New publication: Gating Topology of the Proton-Coupled Oligopeptide Symporters

[Could not find the bibliography file(s)

This paper [1] is the result of a large collaboration between several groups. Since all the current crystal structures of peptide transporters are open to the cytoplasm (and hence closed to the periplasm), we wanted to investigate what bacterial peptide transporters (here PepTSo [2] and PepTSt [3]) looked like when they were open to the periplasm. We followed two tracks: first we built models of PepTSo and PepTSt in outward-open conformations using the repeat swapping method. The PepTSo model was validated using DEER spectroscopy. In the second track we ran unbiased molecular dynamics of both proteins with the hope that they might start to change conformation. To characterise the conformations of the transporter we systematically analysed all the known structures of major facilitator superfamily (MFS) transporter proteins which not only allowed us to classify the simulations but also show which helices in MFS transporters form the periplasmic and cytoplasmic gates.

The paper is free to download (open access) from the journal, Structure.

Update: the paper was chosen for the cover of the journal as you can see above,


[1] [doi] P. W. Fowler, M. Orwick-Rydmark, N. Solcan, P. M. Dijkman, A. {Lyons Joseph}, J. Kwok, M. Caffrey, A. Watts, L. R. Forrest, and S. Newstead, “Gating topology of the proton coupled oligopeptide symporters.,” Structure, vol. 23, pp. 290-301, 2015.
author = {Fowler, Philip W and Orwick-Rydmark, Marcella and Solcan, Nicolae and Dijkman, Patricia M and {Lyons, Joseph}, A and Kwok, Jane and Caffrey, Martin and Watts, Anthony and Forrest, Lucy R. and Newstead, Simon},
journal = {Structure},
pages = {290-301},
volume = {23},
doi = {10.1016/j.str.2014.12.012},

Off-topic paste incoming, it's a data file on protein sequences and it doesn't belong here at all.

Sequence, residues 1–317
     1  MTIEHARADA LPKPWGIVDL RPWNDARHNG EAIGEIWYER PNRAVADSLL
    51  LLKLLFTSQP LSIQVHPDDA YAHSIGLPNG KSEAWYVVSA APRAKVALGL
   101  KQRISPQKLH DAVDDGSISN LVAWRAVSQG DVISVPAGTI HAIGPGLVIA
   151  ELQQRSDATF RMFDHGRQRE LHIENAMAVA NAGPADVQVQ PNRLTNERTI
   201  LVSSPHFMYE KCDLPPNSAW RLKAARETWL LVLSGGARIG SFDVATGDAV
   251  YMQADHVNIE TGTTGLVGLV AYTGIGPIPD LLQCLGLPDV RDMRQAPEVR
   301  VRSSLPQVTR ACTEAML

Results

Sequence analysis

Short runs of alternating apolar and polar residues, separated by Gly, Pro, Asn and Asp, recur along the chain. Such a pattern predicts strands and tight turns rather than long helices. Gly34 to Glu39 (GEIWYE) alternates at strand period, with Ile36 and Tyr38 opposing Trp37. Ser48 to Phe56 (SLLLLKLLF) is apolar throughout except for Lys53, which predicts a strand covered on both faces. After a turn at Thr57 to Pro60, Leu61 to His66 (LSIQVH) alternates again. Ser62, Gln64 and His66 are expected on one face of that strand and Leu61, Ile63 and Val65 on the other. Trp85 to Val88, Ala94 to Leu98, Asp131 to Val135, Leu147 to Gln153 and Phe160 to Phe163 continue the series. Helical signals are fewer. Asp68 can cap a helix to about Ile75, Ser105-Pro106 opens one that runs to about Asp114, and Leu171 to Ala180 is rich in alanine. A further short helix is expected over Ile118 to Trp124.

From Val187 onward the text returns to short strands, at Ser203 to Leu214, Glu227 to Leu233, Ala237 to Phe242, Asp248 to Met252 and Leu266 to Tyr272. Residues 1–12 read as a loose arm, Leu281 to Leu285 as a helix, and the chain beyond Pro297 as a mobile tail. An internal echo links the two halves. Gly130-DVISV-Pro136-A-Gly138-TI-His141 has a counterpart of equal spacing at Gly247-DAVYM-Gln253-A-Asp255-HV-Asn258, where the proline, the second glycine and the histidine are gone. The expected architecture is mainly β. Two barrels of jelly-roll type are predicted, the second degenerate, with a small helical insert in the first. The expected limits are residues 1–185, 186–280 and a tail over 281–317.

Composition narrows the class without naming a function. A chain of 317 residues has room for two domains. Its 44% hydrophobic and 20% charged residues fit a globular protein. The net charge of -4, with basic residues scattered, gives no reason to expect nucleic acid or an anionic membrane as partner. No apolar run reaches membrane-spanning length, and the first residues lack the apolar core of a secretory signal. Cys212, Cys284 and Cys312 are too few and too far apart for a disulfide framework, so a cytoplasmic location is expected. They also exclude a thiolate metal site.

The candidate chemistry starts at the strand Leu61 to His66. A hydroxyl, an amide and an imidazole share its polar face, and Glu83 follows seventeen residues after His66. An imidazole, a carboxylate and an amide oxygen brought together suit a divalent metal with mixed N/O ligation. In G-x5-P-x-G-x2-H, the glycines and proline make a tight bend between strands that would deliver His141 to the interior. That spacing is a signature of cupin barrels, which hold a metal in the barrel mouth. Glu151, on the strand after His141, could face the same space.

title = {{Gating topology of the proton coupled oligopeptide symporters.}},
year = {2015},
abstract = {Proton-coupled oligopeptide transporters belong to the major facilitator superfamily (MFS) of membrane transporters. Recent crystal structures suggest the MFS fold facilitates transport through rearrangement of their two six-helix bundles around a central ligand binding site; how this is achieved, however, is poorly understood. Using modeling, molecular dynamics, crystallography, functional assays, and site-directed spin labeling combined with double electron-electron resonance (DEER) spectroscopy, we present a detailed study of the transport dynamics of two bacterial oligopeptide transporters, PepTSo and PepTSt. Our results identify several salt bridges that stabilize outward-facing conformations and we show that, for all the current structures of MFS transporters, the first two helices of each of the four inverted-topology repeat units form half of either the periplasmic or cytoplasmic gate and that these function cooperatively in a scissor-like motion to control access to the peptide binding site during transport.}
[2] [doi] S. Newstead, D. Drew, A. D. Cameron, V. L. G. Postis, X. Xia, P. W. Fowler, J. C. Ingram, E. P. Carpenter, M. S. P. Sansom, M. J. McPherson, S. A. Baldwin, and S. Iwata, “Crystal structure of a prokaryotic homologue of the mammalian oligopeptide-proton symporters, PepT1 and PepT2.,” EMBO J, vol. 30, pp. 417-426, 2011.
abstract = {PepT1 and PepT2 are major facilitator superfamily (MFS) transporters that utilize a proton gradient to drive the uptake of di- and tri-peptides in the small intestine and kidney, respectively. They are the major routes by which we absorb dietary nitrogen and many orally administered drugs. Here, we present the crystal structure of PepT(So), a functionally similar prokaryotic homologue of the mammalian peptide transporters from Shewanella oneidensis. This structure, refined using data up to 3.6 \AA resolution, reveals a ligand-bound occluded state for the MFS and provides new insights into a general transport mechanism. We have located the peptide-binding site in a central hydrophilic cavity, which occludes a bound ligand from both sides of the membrane. Residues thought to be involved in proton coupling have also been identified near the extracellular gate of the cavity. Based on these findings and associated kinetic data, we propose that PepT(So) represents a sound model system for understanding mammalian peptide transport as catalysed by PepT1 and PepT2.},